Thanks be to you, our Lord Jesus Christ,
for all the benefits which you have given us,
for all the pains and insults which you have borne for us
O merciful Redeemer, Friend and Brother,
may I know thee (you) more clearly,
love thee (you) more clearly
and follow thee (you) more nearly, day by day.
In Jesus' name. Amen
This prayer is attributed to Richard of Chichester.
11:12 am children, community, crime, healing, Jesus-Christ, poverty, safe, Tearfund, the Good News, trafficking, transforming 0 comments
|No more child trafficking|
At TEARFUND, we’re Christians committed to following Jesus where the need is greatest. God has called us to serve those living in poverty, regardless of race, gender, nationality or religious belief.
We know the gospel has the power to transform lives and heal communities, we see this truth in our work every day. God isn’t giving up on the poor, neither are we.
Trafficking is the fastest growing crime in the world, ravaging the lives of 1.2 million children across the world every year. That number is set to rise, unless we stop it in its tracks. The good news is: we can.
Watch this film to find out how Christians are turning the tide of trafficking in one Lao village. There is a road that leads to Thailand. To the desperate girls in this small village in Laos it can look like a tempting prospect. The idea of a better life, just over the mountains, can seem like a dream come true. But for many, it’s the beginning of a nightmare.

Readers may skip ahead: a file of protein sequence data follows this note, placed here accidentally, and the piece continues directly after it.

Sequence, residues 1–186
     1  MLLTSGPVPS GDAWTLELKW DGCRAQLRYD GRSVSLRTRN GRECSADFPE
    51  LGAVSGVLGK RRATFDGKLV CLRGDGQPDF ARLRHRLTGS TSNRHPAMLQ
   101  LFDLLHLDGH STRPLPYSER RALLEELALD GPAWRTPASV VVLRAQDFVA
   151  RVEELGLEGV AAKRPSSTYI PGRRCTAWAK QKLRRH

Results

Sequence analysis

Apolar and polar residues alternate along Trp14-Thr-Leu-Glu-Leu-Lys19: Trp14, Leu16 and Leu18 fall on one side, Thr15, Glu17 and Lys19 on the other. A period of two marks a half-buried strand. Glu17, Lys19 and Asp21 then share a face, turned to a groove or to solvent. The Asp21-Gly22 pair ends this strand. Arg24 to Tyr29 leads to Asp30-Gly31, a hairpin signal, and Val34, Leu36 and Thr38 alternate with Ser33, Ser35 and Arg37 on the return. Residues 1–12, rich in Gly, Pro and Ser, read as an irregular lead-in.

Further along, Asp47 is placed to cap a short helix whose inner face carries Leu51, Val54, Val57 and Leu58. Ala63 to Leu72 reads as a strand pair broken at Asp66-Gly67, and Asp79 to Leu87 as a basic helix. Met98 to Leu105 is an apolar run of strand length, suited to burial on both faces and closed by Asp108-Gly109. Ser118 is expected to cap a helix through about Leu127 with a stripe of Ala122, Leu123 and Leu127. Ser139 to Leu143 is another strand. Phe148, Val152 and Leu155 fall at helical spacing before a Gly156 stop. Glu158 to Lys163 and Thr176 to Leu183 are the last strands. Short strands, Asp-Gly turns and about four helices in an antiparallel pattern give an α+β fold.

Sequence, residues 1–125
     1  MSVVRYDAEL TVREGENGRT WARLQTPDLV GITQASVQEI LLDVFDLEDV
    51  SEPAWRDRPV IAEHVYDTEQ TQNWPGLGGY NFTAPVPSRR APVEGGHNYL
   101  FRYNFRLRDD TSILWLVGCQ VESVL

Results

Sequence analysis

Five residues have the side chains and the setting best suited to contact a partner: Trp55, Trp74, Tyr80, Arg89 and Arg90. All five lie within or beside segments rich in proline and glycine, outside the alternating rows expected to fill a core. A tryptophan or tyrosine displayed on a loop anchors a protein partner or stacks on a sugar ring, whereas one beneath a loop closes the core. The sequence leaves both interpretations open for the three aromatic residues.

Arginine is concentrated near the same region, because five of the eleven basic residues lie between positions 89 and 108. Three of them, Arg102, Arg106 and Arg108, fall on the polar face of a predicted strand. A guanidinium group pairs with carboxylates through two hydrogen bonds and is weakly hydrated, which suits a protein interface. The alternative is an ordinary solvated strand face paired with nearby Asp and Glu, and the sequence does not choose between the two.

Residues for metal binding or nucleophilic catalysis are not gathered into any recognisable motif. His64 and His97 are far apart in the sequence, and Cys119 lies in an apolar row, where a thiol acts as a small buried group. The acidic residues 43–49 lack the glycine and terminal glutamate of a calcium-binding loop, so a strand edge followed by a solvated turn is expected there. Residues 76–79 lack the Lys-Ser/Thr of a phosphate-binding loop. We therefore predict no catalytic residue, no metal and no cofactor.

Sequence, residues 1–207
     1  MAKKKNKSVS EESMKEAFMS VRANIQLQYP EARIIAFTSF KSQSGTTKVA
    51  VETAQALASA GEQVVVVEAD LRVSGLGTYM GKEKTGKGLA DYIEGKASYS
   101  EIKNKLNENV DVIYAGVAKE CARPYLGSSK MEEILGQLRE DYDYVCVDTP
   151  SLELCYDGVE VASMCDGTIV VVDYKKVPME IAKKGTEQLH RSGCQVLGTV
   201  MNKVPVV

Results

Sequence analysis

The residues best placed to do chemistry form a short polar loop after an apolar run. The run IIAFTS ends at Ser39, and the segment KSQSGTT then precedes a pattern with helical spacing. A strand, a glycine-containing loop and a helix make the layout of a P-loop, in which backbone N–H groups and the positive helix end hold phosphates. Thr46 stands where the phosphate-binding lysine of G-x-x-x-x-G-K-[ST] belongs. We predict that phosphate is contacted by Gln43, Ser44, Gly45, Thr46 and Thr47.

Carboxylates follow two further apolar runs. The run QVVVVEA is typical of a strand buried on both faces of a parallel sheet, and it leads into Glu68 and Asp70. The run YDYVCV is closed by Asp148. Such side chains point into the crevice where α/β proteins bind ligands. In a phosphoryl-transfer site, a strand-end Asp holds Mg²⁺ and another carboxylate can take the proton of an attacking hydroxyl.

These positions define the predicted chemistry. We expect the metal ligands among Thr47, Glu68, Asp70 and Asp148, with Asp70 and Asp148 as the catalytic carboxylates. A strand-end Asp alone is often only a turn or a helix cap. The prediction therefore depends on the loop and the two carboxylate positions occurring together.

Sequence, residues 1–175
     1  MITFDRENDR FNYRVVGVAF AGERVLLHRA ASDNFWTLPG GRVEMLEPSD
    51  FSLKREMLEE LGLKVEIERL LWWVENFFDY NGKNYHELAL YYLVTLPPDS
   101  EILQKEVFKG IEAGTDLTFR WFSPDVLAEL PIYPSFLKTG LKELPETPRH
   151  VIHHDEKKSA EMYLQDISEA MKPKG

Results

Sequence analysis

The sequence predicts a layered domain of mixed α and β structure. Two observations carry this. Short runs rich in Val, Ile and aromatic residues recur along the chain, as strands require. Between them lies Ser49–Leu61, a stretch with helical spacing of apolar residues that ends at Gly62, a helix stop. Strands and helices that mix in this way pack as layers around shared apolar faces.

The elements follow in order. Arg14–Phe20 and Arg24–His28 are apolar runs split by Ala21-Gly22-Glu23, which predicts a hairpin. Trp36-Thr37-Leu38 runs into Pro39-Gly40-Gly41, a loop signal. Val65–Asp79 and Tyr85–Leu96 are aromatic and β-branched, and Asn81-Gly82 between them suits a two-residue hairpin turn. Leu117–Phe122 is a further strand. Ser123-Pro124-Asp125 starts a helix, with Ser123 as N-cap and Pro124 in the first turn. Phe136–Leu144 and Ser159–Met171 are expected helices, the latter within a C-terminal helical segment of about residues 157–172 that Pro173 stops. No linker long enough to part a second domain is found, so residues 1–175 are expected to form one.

Nang lives with her parents and three sisters in a small village in Laos on the border of Thailand. She’s 12 years old. She has one year of school left. Even though she enjoys school, life is hard. She wants to be a nurse when she grows up but the reality is that staying in education isn’t an option for her. Her parents can’t afford it. There are some things Nang doesn’t want. She says, ‘I don’t want to be poor. Now we are very poor. I just want to stop being poor and have many things.’
Asked what her hopes are for the future, she laughs. The interpreter tells us that’s a very hard question for Laos people. Here most people have so few prospects that the possibility of something else for their lives is beyond them. They have no real hope.
And this lack of hope puts girls like Nang in serious danger.
To support TEARFUND, click on this link TEARFUND, Have a blessed week-end.